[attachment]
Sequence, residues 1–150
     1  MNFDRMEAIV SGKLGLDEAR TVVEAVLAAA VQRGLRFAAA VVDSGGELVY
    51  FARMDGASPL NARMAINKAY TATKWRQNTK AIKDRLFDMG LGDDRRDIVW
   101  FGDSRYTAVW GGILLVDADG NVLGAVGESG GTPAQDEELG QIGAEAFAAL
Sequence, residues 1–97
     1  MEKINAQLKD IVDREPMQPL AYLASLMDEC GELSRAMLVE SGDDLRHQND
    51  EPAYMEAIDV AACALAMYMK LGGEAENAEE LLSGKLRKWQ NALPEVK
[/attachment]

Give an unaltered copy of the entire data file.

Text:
Sequence, residues 1–150
     1  MNFDRMEAIV SGKLGLDEAR TVVEAVLAAA VQRGLRFAAA VVDSGGELVY
    51  FARMDGASPL NARMAINKAY TATKWRQNTK AIKDRLFDMG LGDDRRDIVW
   101  FGDSRYTAVW GGILLVDADG NVLGAVGESG GTPAQDEELG QIGAEAFAAL
Sequence, residues 1–97
     1  MEKINAQLKD IVDREPMQPL AYLASLMDEC GELSRAMLVE SGDDLRHQND
    51  EPAYMEAIDV AACALAMYMK LGGEAENAEE LLSGKLRKWQ NALPEVK